Ralph Waldo Emerson wrote “Concord Hymn” for a monument unveiling, introducing one of the most famous lines in American history.
“Seren of the Wildwood” by poet and writer Marly Youmans is a marvelous epic poem of a young girl finding her way through life.
“Meet Me at the Lighthouse,” the new poetry collection by Dana Gioia, explores memory, family, and remembering what’s important.
In “Against the Woods’ Dark Trunks,” poet Jack Bedell writes about the land and legends of south Louisiana.
British Poet Laureate Simon Armitage has translated the medieval poem “The Owl and the Nightingale,” and it sounds rather familiar.
The poet Taras Shevchenko is considered the national poet of Ukraine; his poetry celebrated Ukraine’s history and hopes for the future.
“September 1, 1939” is one of Auden’s most famous poems. But British writer Ian Sansom sees the flaws. His biography of the poem and the poet is marvelous.
The 60 poems of “Woodworm” by Matt Duggan are speaking to us to be more aware of the havoc being wreaked by the worms of our society.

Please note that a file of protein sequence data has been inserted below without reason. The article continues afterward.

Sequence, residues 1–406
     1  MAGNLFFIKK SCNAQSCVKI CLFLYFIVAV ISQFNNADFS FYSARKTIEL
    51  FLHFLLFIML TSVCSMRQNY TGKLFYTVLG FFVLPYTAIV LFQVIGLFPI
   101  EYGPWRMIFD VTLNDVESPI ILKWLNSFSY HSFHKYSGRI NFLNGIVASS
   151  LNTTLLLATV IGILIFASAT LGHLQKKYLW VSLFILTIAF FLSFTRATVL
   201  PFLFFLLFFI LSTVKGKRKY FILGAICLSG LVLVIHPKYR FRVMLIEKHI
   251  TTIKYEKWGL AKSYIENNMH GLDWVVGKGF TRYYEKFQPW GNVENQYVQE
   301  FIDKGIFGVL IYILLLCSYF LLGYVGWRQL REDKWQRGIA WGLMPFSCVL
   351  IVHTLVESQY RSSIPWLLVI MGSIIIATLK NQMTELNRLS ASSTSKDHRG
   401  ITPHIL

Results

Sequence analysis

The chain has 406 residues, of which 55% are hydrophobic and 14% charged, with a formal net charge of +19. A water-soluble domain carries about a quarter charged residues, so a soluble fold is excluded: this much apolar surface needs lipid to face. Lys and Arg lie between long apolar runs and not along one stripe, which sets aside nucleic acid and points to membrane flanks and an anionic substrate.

May we share love’s touch with another during this Thanksgiving season, even one whose “need of touches we had never known.”
British poet Simon Armitage has translated the late Middle English poem “Pearl,” a beautiful poem about a father’s grief and how he resolves it.
Give thanks for “the vines of the gourd and the rich melon run” with a Thanksgiving poem, The Pumpkin by John Greenleaf Whittier.
Our new infographic will teach you how to write an acrostic poem and have you writing poetry soup for every meal.
For the “track folk who just love the smell of Ethanol” and the “parade wavers” and “hot dog chompers, ” Hoosier poet Adam Henze becomes the first official poet of the Indy 500 on its 100th run.
Our coloring page poems series brings the fun stress relief of coloring pages and poetry together, today with D. H. Lawrence’s “Piano.”
Our coloring page poems series brings the fun stress relief of coloring pages and poetry together, today with Vachel Lindsay’s “The Dandelion.”
Author David Orr argues that “The Road Not Taken” by Robert Frost is both the best known and most misunderstood American poem.
World War I was a conflict made for poetry, and it made a lot of it. But what did the soldiers themselves read?
The most famous poem of World War I, “In Flanders Fields” by John McCrae, lives on today as the genesis of the Memorial Poppy.
“Prussian Nights” by Aleksandr Solzhenitsyn reminds us that victory in war doesn’t automatically mean moral superiority over an enemy.
Creating a traditional ode allows the poet to use her outdoor voice. It is a profoundly public medium, daring to speak to and for everyone.